Samsung’s loose lips whispered the truth: On Tuesday, Nvidia announced new GeForce RTX 3050 and 3050 Ti laptop GPUs designed to bring ray tracing, performance-boosting DLSS technology, and supercharged creative capabilities to the mobile masses. Nvidia timed the announcement to coincide with Intel’s reveal of its heavy-duty 11th-generation Core H-series processors, and the company says the RTX 3050 GPUs will appear in notebooks starting for as little as $799.
That’s a game-changer.
Last generation’s GeForce graphics cards introduced Nvidia’s RTX technology, which added dedicated RT cores for real-time ray tracing and tensor cores for AI acceleration tasks. But the newfangled hardware never crept down to mainstream laptops. Instead, RTX 2060 laptops launched at $1,200 and up.
The GeForce RTX 3050 and 3050 Ti bring Nvidia’s advancements to even lower price points. Ray tracing might be the most eye-opening feature, but DLSS 2.0’s magical AI-enhanced gaming speeds and the vastly improved performance in creative applications that can leverage those dedicated AI and RT cores could truly shake things up in the sub-$1,000 laptop market.
To drive that point home, Nvidia announced a wave of new RTX Studio laptops with seven designs that include the GeForce RTX 3050 or 3050 Ti. New Studio notebooks with higher-end Nvidia graphics options and Intel’s new chips will also hit the streets in the coming weeks, claiming up to twice the rendering performance of prior-generation models.
The creative goodies aren’t limited to professionals, either. Nvidia Broadcast uses machine learning on tensor cores to spruce up the look of your Twitch streams and YouTube videos, with features like background noise cancellation and AI green screens. Those features will work on RTX 3050-series and Studio laptops alike. To sweeten the pot, Nvidia also announced that Broadcast can now silence the sound of pets and cicada swarms via an update that’s being pushed out today.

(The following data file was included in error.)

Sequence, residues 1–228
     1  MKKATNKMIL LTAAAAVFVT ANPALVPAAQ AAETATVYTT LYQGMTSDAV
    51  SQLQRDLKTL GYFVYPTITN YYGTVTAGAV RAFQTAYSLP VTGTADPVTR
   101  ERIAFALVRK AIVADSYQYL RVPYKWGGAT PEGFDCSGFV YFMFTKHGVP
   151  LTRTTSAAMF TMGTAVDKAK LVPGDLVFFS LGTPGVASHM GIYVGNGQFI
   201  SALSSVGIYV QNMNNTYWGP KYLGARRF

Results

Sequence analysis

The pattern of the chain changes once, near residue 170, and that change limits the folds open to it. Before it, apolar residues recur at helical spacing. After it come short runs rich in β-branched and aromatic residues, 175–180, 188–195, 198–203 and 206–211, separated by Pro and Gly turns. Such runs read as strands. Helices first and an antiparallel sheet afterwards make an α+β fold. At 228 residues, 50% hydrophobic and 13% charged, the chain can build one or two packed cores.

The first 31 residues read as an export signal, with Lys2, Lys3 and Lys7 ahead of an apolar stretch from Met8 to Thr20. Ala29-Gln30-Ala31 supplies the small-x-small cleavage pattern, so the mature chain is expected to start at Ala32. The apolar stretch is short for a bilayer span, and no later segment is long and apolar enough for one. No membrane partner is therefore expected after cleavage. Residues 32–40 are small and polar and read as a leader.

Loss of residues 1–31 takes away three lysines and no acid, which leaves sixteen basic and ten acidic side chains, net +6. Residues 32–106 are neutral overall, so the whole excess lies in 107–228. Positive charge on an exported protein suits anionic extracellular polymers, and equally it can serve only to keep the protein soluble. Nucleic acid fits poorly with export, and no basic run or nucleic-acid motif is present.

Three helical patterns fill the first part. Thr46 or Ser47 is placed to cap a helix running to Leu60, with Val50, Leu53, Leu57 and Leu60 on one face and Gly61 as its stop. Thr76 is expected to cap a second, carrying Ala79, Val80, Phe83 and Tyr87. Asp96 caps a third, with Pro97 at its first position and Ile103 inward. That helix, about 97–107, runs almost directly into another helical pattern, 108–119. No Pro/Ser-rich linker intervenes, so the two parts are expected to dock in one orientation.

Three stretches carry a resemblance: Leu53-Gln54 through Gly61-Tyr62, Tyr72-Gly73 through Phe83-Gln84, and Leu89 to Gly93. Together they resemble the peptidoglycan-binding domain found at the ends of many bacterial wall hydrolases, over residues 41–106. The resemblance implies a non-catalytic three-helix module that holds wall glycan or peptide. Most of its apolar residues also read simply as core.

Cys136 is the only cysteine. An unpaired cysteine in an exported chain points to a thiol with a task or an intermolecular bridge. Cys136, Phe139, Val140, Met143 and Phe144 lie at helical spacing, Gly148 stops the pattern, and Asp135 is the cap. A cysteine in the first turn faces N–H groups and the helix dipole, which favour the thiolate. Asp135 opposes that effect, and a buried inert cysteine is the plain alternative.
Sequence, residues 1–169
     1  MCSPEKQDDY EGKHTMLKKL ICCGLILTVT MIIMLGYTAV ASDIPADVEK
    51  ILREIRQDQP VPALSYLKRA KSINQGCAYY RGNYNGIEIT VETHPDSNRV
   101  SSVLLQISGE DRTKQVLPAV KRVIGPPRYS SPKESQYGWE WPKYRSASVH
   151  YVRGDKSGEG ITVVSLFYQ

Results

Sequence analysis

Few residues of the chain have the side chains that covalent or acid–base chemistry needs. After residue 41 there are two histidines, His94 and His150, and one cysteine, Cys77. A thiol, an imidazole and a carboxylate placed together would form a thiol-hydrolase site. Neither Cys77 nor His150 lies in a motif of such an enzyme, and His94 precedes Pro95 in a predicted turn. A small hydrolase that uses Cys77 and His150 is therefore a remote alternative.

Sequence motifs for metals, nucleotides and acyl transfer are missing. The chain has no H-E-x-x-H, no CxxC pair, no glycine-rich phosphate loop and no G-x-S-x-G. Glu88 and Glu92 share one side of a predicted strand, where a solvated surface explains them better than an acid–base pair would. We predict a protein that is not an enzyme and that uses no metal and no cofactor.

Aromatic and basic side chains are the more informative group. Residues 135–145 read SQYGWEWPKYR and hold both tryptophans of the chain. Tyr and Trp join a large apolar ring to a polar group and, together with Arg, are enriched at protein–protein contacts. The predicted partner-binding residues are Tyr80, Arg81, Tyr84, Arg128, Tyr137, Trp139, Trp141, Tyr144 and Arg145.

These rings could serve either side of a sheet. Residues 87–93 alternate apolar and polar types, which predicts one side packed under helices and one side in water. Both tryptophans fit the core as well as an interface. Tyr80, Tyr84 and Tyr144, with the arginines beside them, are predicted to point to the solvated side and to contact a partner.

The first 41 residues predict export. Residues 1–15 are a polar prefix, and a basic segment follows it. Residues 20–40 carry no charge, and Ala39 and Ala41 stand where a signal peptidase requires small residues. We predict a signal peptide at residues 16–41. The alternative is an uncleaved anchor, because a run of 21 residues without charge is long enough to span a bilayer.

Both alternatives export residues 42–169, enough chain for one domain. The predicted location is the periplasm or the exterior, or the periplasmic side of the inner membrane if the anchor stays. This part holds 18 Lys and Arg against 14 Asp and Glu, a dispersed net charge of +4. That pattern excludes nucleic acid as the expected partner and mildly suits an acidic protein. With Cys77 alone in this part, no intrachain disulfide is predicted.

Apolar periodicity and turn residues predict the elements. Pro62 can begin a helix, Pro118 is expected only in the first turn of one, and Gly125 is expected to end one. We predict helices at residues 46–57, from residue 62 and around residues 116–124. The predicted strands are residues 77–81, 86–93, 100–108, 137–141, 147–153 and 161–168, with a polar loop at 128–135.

While those RTX features should make a splash in the mainstream price range, don’t expect the performance uplift in traditional games to be quite as revolutionary, though the RTX 3050 family should provide a nice boost versus the GTX 1650. Nvidia is pitching these modest GPUs as solid options for 1080p gaming at 60-plus frames per second, even with ray tracing enabled in some games thanks to the amazing power of DLSS 2.0. (Prior-gen GTX 1650 notebooks lacked ray tracing or DLSS support.) These laptops could also see extra performance in select titles thanks to the inclusion of PCIe Resizable BAR technology, which is standard in RTX 30-series laptops.
The GeForce RTX 3050 and 3050 Ti each come with 4GB of GDDR6 memory over a 128-bit bus, and both run on between 35 and 80 watts of power. (Nvidia’s variable power configurations make shopping for a gaming laptop much harder now.) The GPU tech specs show that the RTX 3050 and RTX 3050 Ti will likely be quite a step down from the gaming performance of existing RTX 30-series laptops.
While the laptop version of the RTX 3060 packs 3,840 CUDA graphics cores to power no-compromises 1080p and superb 1440p gaming experiences, Nvidia says the RTX 3050 Ti will include 2,560 cores, while the RTX 3050 comes with 2,048. Those cores come with clock speeds over 200MHz slower than pricier RTX 30-series Laptop GPUs, though the boost clock speeds often achieved during gaming hang in the same ballpark as those from beefier cousins. The wattage and cooling capabilities of your chosen laptop will likely play a large part in how fast your RTX 3050 goes.
Nvidia also says the RTX 3050 Ti will wield 80 tensor cores and 20 RT cores, while the 3050 packs 64 tensor cores and 16 RT cores. By comparison, the mobile version of the RTX 3060 includes 120 tensor cores and 30 RT cores.
All told, these GPUs look like they’ll offer good 1080p gaming experiences for the price, though we’ll need to test RTX 3050 laptops ourselves to be sure—especially given the wide range of available wattages, which can significantly impact performance. As modern GeForce platforms, RTX 3050 notebooks also support the wonderful latency-reducing Nvidia Reflex feature in select competitive games. Laptop makers can choose to implement Nvidia’s various third-gen Max-Q technologies (like an upgraded Whisper Mode and Dynamic Boost 2.0).
Nvidia said RTX 3050 laptops will start at $800, while RTX 3060 laptops already start at $1,200. Don’t be surprised if RTX 3050 Ti gaming notebooks slot right into the middle at $1,000. Nvidia also said that existing GTX 1650 laptops will continue to be sold while mainstream notebooks transition to these fresh RTX 30-series offerings. If you’ve been struggling to find a graphics card, maybe a new gaming notebook could be just what the doctor ordered?